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The church vilifies Judas Iscariot as the betrayer of Jesus, as told by the canonical Gospels. Believers have accepted this as truth. Now a Gnostic scroll suggests that maybe Judas was not Jesus’ traitor but actually his closest confidant. This may not be theologically important, but it is a reminder that the immutable word of God is also the product of the very mutable Council of Laodicea, in 363 CE.

The president of the United States stands before the world to declare that Iraq poses a mortal danger, and therefore must be invaded. He declassifies intelligence data to back up his claim. Now it appears that he chose the data selectively, omitting the caveats indicating the dubious nature of the intelligence he declassified.

A 16-year-old boy in Falmouth suffers esteem issues like so many teenagers do. A pretty, blonde senior in his school befriends him. Smitten, he complies with her request to supply her with marijuana. It turns out the girl is really a baby-faced police officer. Cops come to the boy’s house early one morning and take him away in handcuffs.

These three seemingly unrelated true scenarios each demonstrate the folly of accepting anything without question. There is no bastion of truth that is invulnerable to human corruption. If history teaches us one truth about truth, a kind of meta-truth if you will, it is that we are always well-advised to test every axiom thrust upon us.

Asking questions is our responsibility. It may be our duty. It may be our patriotic and even our sacred duty. Think of the tragedies and catastrophes that could have been avoided if enough people had persisted in asking enough of the right questions.

I love the questions teenagers ask. They reflect an optimistic cynicism about the world. They have as their end an assessment of things before taking the reins. Recently one of my children asked me why, since the White House is so big, and is surrounded by homeless people, can’t the first floor include a homeless shelter? I said it was a good idea.

What is truth? How do we recognize truth? Is truth immutable? These are difficult questions. As adults, as patriots, as Christians or adherents to any other faith, we bear the responsibility of judging the truth of what we see, hear and read. To this end we are each endowed with a moral sense. It is our compass. If we ignore it, we are sailing blind.

We must be ever on our guard. But this is not cynicism. We all need to put our trust in something, and a world emptied of faith would be a terrible world. Yet we should always keep in mind the easy corruptibility of truth when the medium is human agency.

If it is our burden to discern the truth, how much more important is it to tell the truth? All of us lie, in one way or another, to varying degrees. There are blatant lies, lies of distortion and of omission, and lies borne of ignorance. There are lies of body language. Sometimes a lie is just a look. Advertisers and politicians lie professionally, but none of us are innocent.

Lies are particularly pernicious in that a lie remains a lie. We can hurt others in many ways, and most of the injuries we do will heal. But a lie cannot heal. Even if someone else explodes our lie, and the one we deceived forgives us, our lie lives on, as a lie. There is only one way to efface a lie.

Alcoholics Anonymous has a book they call “The Big Book.” It describes AA’s Twelve Steps. It is no accident or coincidence that steps eight and nine entail making an inventory of wrongs committed against others and making amends. How do we make amends for a lie? Take a page from “The Big Book.” We must confess that we have lied and tell the truth.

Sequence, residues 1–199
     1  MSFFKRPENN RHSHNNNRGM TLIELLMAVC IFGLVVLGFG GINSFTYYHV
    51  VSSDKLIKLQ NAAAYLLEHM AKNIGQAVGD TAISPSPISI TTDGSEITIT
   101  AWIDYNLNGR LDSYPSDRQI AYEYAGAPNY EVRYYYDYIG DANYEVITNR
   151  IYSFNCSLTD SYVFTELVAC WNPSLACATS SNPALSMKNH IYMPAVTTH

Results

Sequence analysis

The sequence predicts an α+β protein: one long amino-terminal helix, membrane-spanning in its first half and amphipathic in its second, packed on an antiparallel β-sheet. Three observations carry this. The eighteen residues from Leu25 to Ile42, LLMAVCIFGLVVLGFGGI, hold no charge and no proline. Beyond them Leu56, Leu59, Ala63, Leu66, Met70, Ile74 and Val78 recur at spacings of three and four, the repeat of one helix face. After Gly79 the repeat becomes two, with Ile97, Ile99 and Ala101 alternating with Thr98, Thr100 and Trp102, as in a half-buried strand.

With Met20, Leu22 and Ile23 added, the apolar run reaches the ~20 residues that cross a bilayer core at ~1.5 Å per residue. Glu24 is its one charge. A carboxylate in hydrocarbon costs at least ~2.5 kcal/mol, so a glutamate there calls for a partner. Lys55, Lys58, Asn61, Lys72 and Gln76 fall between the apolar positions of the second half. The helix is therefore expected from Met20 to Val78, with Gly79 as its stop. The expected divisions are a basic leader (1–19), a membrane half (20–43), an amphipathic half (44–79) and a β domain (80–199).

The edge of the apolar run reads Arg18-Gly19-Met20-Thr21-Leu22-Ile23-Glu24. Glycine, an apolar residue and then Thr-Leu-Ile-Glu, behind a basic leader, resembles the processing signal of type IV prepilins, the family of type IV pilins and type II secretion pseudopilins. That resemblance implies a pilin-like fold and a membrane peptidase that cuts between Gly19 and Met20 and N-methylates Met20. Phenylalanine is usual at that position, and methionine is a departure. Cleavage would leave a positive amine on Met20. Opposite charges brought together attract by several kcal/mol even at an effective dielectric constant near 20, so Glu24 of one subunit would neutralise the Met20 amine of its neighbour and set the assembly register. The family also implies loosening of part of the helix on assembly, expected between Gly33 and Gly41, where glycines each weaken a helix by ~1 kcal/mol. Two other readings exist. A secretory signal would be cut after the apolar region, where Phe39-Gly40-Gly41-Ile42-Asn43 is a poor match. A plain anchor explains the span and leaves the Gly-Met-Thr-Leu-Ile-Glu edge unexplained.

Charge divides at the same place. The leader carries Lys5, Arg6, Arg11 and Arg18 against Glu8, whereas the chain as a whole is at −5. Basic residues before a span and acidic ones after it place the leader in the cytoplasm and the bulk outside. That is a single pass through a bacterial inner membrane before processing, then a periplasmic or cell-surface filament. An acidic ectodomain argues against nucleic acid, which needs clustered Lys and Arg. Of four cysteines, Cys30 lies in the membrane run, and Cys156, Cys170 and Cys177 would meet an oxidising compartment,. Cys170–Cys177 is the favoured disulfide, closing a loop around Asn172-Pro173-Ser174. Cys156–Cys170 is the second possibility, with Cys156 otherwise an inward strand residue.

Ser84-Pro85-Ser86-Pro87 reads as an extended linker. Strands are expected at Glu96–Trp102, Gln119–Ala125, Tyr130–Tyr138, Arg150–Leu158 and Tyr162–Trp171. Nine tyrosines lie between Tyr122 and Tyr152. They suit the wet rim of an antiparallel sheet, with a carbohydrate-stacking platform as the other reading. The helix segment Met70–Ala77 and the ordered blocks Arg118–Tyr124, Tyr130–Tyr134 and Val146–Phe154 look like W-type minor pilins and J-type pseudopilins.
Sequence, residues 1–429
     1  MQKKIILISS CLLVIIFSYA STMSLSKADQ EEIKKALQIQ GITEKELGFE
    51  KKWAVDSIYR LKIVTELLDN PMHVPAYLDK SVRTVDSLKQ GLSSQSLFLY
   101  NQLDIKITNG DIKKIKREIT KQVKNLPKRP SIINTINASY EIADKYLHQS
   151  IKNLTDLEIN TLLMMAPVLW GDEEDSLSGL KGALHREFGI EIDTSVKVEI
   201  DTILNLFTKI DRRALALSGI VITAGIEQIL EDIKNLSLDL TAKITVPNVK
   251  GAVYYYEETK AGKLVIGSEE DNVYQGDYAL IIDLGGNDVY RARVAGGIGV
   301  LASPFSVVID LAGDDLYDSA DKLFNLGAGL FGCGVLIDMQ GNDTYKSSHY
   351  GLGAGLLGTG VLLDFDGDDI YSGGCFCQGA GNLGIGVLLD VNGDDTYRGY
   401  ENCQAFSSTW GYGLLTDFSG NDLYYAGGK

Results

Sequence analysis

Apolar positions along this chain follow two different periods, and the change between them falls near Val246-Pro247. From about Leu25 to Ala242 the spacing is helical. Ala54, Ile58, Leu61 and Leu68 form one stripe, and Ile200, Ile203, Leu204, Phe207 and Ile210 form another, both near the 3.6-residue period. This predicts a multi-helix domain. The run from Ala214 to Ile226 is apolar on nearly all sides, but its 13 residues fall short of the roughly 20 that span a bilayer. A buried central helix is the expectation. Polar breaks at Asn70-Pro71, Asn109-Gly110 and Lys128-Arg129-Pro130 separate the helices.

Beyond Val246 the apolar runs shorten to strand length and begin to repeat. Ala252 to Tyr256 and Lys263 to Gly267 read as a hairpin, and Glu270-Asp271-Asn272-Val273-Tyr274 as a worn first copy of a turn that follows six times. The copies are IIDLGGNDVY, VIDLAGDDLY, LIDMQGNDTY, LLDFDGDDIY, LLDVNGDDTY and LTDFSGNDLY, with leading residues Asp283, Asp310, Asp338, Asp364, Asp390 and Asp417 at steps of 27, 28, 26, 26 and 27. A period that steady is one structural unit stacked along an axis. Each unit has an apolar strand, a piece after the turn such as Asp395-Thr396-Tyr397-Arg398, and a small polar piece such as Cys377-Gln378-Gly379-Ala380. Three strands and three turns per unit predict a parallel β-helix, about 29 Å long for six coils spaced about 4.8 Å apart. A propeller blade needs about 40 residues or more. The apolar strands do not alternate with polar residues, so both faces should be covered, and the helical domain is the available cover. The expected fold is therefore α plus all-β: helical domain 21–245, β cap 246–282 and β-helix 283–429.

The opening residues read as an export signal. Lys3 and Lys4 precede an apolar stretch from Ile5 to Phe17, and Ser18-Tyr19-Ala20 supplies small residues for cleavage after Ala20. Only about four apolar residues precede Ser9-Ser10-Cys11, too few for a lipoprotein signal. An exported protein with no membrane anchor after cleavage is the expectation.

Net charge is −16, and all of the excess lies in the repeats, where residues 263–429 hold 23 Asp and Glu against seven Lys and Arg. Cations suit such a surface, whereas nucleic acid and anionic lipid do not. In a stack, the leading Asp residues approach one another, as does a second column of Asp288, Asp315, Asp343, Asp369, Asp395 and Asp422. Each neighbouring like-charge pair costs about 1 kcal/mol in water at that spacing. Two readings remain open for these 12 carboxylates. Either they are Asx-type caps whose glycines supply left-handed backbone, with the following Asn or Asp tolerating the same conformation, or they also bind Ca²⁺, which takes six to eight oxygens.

Have I lied to my wife or child? To a friend or associate? To an antagonist or even an enemy? I must confess it, and quickly. I may die at any moment, and then it will be too late. My lie will live forever. It will join that unholy legacy that includes the lies of omission by the Council of Laodicea, the lies of seduction by the girl-faced cop, and the lies of distortion by President Bush.

If we tell the truth, then we may count ourselves among the most formidable of women and men. Jesus told the truth. Mahatma Ghandi told the truth. Martin Luther King told the truth. None of these men had any advantage over us. We don’t have to be in Nazareth or Calcutta or Montgomery to do what they did. We can stand on Main Street and proclaim the radical truth, and we will be just like them.

But we must be willing to do it at any hazard, and there is the challenge. Are we willing to speak the truth under any circumstance, however threatening? We admire Jesus and Ghandi and King. We honor their sacrifices. But do we relish their reward for ourselves? Do we dare to follow their radical example?

God knows America needs truth tellers, radical truth tellers, and now more than ever. Lerone Bennett, senior editor for Ebony magazine, wrote in 1964 that “cursed is the nation, cursed is the people, who can no longer breed indigenous radicals when it needs them.”

We can be indigenous radicals. We can be truth tellers. We can start a revolution, at least in our own hearts. We need only say something radically true. We can say something startling, even if we begin only by startling ourselves. It is a sufficient first step. For once we begin to speak a truth so radical that we ourselves are startled, there is no telling where it will end.

Chris Mills lives in Groton with his wife and three teenage children. Chris can be contacted at cmills@gis.net

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